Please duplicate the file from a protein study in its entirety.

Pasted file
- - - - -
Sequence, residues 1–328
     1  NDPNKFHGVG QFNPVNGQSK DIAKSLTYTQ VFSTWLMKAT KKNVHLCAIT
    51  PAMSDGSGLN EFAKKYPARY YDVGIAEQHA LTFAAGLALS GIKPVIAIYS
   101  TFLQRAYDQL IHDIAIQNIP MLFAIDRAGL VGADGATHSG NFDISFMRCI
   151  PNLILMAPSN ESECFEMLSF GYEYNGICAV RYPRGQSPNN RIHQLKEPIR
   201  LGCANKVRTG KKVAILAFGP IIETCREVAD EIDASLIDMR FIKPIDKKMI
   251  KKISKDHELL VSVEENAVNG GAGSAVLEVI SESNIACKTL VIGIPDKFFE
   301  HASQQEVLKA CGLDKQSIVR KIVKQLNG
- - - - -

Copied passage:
Sequence, residues 1–328
     1  NDPNKFHGVG QFNPVNGQSK DIAKSLTYTQ VFSTWLMKAT KKNVHLCAIT
    51  PAMSDGSGLN EFAKKYPARY YDVGIAEQHA LTFAAGLALS GIKPVIAIYS
   101  TFLQRAYDQL IHDIAIQNIP MLFAIDRAGL VGADGATHSG NFDISFMRCI
   151  PNLILMAPSN ESECFEMLSF GYEYNGICAV RYPRGQSPNN RIHQLKEPIR
   201  LGCANKVRTG KKVAILAFGP IIETCREVAD EIDASLIDMR FIKPIDKKMI
   251  KKISKDHELL VSVEENAVNG GAGSAVLEVI SESNIACKTL VIGIPDKFFE
   301  HASQQEVLKA CGLDKQSIVR KIVKQLNG